The FoDP support is likely to lead to direct bilateral financing by member states and also help Pakistan obtain financing from multilateral institutions, including the Asian Development Bank (ADB) and the World Bank.
While the ADB has made initial commitments to extend between $2-4 billion for the project, the unwillingness of the World Bank has worried many bilateral lenders given the fact that the World Bank’s Operational Policy on disputed territories (OP 7.60) does not require a ‘no objection certificate’ from other party – India in this case as the dam site is in Gilgit-Baltistan.
According to some bilateral lenders, the operational policy of the WB required that in a case like Bhasha dam either Pakistan or the World Bank should ask the government of India to say in writing if it has any objection to the project on the grounds that such a project would prejudice the outcome of the territorial dispute.
If India raises objections in writing, the World Bank management should consider them and make an assessment about the merit of such objections. In proceeding with such projects, the World Bank documents state that it does not intend to make any judgment on the legal or other status of territories concerned or to prejudice the final determination of the parties’ claims.
On the other hand, it is generally believed that India has informally communicated its objection to Bhasha dam to the World Bank and for this reason the bank has not engaged itself in the project. Friendly lenders believe that if that is the case then the “bank management has not followed its operational policy on disputed territories”, an issue that needs to be addressed by US and other leading nations.
Interestingly, the World Bank helped India and Pakistan to sign a landmark Indus Waters Treaty in 1960 as part of the Indus Basin Development Plan which required Pakistan to build new major dams every 10 years but none has been built in 50 years.
The World Bank stance has also been found at fault in view of the fact that the 1960 treaty gives Pakistan the right to projects concerning waters of the Indus River. It may be mentioned that India helped finance the construction of the Mangla dam as part of ‘replacement works’ although the dam is located in disputed territory – Azad Kashmir.
Also, India has constructed and continues to construct a large number of dams in the disputed territory of Jammu and Kashmir and has not sought, nor received, non-objections from Pakistan. In fact, India has formally urged Pakistan to build storage dams on the Indus.
Informed sources said the US was supportive of the project, along with project financing, because of the fact that the dam would have enormous benefits – from energy, food and irrigation security to poverty reduction and environmental contribution and flood protection. It agrees that the Colorado and Murry Darling could store 1000 days of average river flows whereas Pakistan’s Indus project that can store only 30 days of flows and the Three Gorges Dam in China reduces the peak of the 50-year flood by 40 per cent against Tarbela’s negligible flood impact.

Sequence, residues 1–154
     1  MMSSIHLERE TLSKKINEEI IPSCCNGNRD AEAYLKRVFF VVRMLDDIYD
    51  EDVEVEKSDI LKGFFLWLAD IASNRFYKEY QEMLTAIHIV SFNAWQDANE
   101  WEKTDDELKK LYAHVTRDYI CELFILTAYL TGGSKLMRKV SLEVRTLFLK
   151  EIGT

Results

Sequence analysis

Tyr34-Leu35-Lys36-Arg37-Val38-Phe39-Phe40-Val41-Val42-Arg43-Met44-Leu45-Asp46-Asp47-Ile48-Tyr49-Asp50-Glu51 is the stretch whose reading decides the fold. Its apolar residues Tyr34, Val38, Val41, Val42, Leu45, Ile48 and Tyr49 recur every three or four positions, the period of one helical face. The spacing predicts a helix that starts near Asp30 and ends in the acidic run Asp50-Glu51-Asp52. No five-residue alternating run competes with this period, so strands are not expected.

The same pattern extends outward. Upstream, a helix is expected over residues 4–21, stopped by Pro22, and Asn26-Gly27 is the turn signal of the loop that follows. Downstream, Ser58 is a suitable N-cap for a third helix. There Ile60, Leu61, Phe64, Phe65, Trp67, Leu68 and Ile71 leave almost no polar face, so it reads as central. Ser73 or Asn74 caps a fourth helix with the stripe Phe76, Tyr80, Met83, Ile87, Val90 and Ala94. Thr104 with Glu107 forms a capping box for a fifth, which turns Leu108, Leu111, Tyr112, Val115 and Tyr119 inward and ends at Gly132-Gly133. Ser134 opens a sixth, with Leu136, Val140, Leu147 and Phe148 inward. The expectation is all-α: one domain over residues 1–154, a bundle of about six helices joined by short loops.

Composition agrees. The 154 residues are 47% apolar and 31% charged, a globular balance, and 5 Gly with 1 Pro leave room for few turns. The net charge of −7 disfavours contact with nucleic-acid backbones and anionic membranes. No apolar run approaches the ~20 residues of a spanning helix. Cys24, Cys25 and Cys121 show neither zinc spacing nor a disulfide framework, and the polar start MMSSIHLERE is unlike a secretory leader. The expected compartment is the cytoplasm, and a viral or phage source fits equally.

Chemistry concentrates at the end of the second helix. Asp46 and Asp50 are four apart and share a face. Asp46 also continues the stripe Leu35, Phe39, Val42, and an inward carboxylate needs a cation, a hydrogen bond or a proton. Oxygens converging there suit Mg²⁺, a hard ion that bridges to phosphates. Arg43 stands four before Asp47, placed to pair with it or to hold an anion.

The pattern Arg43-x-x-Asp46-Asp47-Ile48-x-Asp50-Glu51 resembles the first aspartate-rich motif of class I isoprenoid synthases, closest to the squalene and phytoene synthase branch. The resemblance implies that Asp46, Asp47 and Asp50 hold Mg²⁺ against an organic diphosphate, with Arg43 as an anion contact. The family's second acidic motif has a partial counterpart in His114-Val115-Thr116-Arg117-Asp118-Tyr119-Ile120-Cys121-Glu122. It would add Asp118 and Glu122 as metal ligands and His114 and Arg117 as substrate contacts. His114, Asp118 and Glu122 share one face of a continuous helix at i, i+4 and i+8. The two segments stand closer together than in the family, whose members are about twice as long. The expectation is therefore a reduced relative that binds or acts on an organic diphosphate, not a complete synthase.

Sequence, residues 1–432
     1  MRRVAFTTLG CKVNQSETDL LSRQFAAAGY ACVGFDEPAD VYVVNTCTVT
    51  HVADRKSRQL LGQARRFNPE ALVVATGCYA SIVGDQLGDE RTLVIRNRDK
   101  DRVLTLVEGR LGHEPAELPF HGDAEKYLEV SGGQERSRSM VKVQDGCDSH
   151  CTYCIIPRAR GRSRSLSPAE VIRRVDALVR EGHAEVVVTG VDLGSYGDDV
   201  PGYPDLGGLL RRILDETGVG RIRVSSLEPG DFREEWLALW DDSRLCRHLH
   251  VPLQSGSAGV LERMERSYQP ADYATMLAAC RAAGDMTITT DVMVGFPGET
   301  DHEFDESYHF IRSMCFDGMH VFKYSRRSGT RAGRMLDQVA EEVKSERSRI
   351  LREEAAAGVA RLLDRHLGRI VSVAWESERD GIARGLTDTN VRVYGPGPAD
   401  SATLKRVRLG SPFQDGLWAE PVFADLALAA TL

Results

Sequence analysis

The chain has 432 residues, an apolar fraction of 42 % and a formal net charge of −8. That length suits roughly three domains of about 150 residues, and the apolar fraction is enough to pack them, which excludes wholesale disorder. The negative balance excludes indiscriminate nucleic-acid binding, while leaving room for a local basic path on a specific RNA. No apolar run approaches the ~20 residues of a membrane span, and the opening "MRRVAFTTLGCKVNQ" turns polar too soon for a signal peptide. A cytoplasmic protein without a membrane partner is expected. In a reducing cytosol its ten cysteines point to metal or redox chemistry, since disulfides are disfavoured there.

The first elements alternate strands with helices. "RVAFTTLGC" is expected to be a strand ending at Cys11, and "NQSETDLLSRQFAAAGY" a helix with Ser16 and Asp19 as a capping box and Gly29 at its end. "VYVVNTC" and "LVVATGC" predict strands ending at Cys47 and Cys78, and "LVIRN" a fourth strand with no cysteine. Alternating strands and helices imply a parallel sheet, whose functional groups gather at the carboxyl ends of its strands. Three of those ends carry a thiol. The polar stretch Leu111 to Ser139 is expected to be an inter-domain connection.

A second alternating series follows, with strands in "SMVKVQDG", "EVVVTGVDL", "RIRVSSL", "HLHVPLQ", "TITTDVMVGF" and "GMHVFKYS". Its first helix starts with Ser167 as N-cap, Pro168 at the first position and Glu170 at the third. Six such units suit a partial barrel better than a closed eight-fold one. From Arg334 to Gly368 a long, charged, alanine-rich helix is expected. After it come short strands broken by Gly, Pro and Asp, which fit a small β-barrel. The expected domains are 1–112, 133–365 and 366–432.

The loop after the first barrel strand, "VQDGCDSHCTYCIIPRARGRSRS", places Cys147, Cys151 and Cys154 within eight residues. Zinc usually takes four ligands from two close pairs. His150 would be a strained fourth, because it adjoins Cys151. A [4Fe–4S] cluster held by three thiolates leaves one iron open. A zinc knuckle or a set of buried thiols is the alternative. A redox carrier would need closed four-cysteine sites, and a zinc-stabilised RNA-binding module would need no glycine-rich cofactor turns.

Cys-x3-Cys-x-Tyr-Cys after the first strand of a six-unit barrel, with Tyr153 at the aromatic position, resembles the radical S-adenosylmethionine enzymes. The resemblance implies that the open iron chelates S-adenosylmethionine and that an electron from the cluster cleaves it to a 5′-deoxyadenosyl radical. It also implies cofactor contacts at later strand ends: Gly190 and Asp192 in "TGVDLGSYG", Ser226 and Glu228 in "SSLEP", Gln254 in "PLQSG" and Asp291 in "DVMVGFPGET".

But before making any formal financial commitment, the US wants Pakistan to commit prioritising investments in on-farm water management in provinces and institutionalise full cost recovery of water distribution for better service delivery through fresh contracts with consumers – provinces, municipalities, farmer associations – for gradual increase of tariffs to sustain maintenance of water infrastructure.
He added that the performance of this assembly is far better than the one which served under the General (retd) Pervez Musharraf government. “We have made marvellous legislative progress in a very brief period,” he said.
Ahmed criticised previous G-B governments, saying that lawmakers spent money on irrational projects, resulting in the loss of resources and time. “When we came to power in 2009, we had several incomplete projects on which we had to spend large sums of money,” he said, adding that the Attabad disaster, followed by the floods in 2010, wrecked havoc on the region’s economy.
About G-B’s constitutional status, Ahmed said that it is not a constitutional province but an administrative setup, carved out under the Empowerment and Self Rule Order 2009, to honour the demands of local people for self-rule. “If you ask me, I will say that G-B is geographically more important for Pakistan than Azad Jammu and Kashmir because of its location,” he said, adding that the establishment of the G-B Council was meant to keep the region connected with the Kashmir issue.
Ahmed also said that the region will have to pay taxes if it wants to be self-sustaining. He said that while taxes will not be levied on poor people, the corporate sector and those earning more than Rs 50,000 per month will be liable to pay. However he clarified that the matter has been deferred until G-B’s constitutional status is resolved, adding that the maintenance of law and order is the government’s top priority.